Pipelining is a commonly used concept that you will encounter in everyday life. A good example is the production line of a car factory, where each specific task such as installing the engine, installing the doors, and installing the wheels, is often done by a separate and unique workstation. The stations carry out their tasks in parallel, each on a different car. Once a car has had one task performed, it moves to the next station. Variations in the time needed to complete the tasks can be accommodated by buffering (holding one or more cars in a space between the stations) and/or by stalling (temporarily halting the upstream stations) until the next station becomes available.
Suppose that assembling one car requires three tasks A, B, and C that takes 20, 10, and 30 minutes, respectively. Then, if all three tasks were performed by a single station, the factory would output one car every 60 minutes. By using a pipeline of three stations, the factory would output the first car in 60 minutes, and then a new one every 30 minutes. As this example shows, pipelining does not decrease the latency, that is, the total time for one item to go through the whole system. It does however increase the system's throughput, that is, the rate at which new items are processed after the first one.
Since the throughput of a pipeline cannot be better than that of its slowest element, the programmer should try to divide the work and resources among the stages so that they all take the same time to complete their tasks. In the car assembly example above, if the three tasks A. B and C took 20 minutes each, instead of 20, 10, and 30 minutes, the latency would still be 60 minutes, but a new car would then be finished every 20 minutes, instead of 30. The diagram below shows a hypothetical manufacturing line tasked with the production of three cars. Assuming each of the tasks A, B and C takes 20 minutes, a sequential production line would take 180 minutes to produce three cars. A pipelined production line would take only 100 minutes to produce three cars.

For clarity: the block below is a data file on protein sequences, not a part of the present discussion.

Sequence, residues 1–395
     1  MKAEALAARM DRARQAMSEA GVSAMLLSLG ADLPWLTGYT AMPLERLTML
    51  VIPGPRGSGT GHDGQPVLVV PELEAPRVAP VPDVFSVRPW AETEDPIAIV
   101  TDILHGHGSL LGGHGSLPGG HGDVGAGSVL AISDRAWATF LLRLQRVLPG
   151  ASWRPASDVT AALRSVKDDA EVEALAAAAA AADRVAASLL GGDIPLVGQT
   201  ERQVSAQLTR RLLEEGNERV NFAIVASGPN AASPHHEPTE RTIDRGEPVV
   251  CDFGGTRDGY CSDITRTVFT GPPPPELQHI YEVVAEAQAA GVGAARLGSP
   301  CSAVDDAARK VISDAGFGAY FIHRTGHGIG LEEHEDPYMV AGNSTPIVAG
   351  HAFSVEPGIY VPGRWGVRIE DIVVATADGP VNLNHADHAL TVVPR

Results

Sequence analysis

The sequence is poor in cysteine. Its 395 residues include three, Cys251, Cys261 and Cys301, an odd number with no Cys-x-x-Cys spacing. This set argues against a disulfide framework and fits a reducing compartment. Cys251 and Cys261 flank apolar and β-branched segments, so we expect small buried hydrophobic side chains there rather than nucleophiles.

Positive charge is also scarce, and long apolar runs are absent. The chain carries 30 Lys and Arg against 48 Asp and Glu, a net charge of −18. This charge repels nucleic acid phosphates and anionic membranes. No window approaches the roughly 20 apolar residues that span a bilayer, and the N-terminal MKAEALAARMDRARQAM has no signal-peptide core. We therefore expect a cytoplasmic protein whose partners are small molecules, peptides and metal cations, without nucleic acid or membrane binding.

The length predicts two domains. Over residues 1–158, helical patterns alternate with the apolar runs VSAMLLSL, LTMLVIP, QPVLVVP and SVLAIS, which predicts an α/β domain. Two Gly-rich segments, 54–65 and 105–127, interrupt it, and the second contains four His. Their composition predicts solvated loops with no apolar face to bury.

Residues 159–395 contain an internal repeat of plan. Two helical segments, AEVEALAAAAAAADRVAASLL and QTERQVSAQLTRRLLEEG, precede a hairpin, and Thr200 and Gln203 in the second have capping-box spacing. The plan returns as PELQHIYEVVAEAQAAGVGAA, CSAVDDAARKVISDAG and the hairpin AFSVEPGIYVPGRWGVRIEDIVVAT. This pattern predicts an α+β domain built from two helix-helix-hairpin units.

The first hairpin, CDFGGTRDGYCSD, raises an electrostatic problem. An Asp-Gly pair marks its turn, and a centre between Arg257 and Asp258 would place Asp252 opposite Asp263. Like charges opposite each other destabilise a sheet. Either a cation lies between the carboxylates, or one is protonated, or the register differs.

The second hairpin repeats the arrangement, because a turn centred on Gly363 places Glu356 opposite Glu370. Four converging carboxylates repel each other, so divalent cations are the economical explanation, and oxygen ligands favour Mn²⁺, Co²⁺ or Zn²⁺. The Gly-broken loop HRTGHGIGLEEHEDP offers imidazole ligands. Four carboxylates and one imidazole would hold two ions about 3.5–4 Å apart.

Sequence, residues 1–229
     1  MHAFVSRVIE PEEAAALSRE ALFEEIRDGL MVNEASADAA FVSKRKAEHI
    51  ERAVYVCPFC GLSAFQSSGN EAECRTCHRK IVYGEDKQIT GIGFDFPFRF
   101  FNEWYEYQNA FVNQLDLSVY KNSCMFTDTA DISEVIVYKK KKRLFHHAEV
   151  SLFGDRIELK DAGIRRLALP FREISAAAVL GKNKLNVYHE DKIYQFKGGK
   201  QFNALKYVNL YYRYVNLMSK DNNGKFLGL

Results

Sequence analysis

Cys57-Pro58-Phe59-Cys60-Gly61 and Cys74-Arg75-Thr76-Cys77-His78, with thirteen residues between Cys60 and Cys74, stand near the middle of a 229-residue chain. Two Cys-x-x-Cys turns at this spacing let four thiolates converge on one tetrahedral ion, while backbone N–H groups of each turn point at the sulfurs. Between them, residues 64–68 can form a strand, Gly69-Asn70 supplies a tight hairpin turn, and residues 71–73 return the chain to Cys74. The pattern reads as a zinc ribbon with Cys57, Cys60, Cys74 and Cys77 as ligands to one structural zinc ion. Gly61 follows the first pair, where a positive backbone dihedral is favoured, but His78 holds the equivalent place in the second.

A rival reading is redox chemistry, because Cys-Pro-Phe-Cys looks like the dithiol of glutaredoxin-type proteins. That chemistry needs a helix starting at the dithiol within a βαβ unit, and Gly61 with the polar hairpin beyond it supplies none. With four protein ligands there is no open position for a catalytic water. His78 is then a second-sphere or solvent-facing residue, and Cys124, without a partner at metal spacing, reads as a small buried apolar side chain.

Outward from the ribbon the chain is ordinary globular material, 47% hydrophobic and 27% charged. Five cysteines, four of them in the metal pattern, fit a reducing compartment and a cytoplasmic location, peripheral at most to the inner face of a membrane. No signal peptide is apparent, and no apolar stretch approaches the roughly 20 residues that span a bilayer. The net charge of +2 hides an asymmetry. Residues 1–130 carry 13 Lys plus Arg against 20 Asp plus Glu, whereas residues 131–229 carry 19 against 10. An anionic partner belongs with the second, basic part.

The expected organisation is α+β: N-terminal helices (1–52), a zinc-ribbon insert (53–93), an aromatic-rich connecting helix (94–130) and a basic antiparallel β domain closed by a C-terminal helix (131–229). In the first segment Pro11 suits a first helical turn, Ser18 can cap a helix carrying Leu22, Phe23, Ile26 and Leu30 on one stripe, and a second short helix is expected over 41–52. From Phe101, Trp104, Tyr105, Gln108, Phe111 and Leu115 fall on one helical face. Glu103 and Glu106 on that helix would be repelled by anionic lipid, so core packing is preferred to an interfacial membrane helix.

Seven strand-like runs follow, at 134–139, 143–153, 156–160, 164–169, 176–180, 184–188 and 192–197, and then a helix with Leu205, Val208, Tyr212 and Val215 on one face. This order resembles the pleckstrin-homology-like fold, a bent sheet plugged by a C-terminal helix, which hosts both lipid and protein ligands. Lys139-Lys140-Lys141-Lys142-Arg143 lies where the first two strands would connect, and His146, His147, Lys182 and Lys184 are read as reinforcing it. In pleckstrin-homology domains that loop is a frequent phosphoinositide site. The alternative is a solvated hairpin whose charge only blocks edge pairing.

The time taken to produce the first car is 60 minutes and is called the iteration latency of the pipeline. After the first car is produced, the next two cars only take 20 minutes each and this is known as the initiation interval (II) of the pipeline. The overall time taken to produce the three cars is 100 minutes and is referred to as the total latency of the pipeline, i.e. total latency = iteration latency + II * (number of items - 1). Therefore, improving II improves total latency, but not the iteration latency. From the programmer's point of view, the pipelining paradigm can be applied to functions and loops in the design. After an initial setup cost, the ideal throughput goal will be to achieve an II of 1 - i.e., after the initial setup delay, the output will be available at every cycle of the pipeline. In the example above, after an initial setup delay of 60 minutes, a car is then available every 20 minutes.
Pipelining is a classical micro-level architectural optimization that can be applied to multiple levels of abstraction. Task-level pipelining with the producer-consumer paradigm was covered earlier. This same concept applies to the instruction-level. This is in fact key to keeping the producer-consumer pipelines (and streams) filled and busy. The producer-consumer pipeline will only be efficient if each task produces/consumes data at a high rate, and hence the need for the instruction-level pipelining (ILP).
Due to the way pipelining uses the same resources to execute the same function over time, it is considered a static optimization since it requires complete knowledge about the latency of each task. Due to this, the low level instruction pipelining technique cannot be applied to dataflow type networks where the latency of the tasks can be unknown as it is a function of the input data. The next section details how to leverage the three basic paradigms that have been introduced to model different types of task parallelism.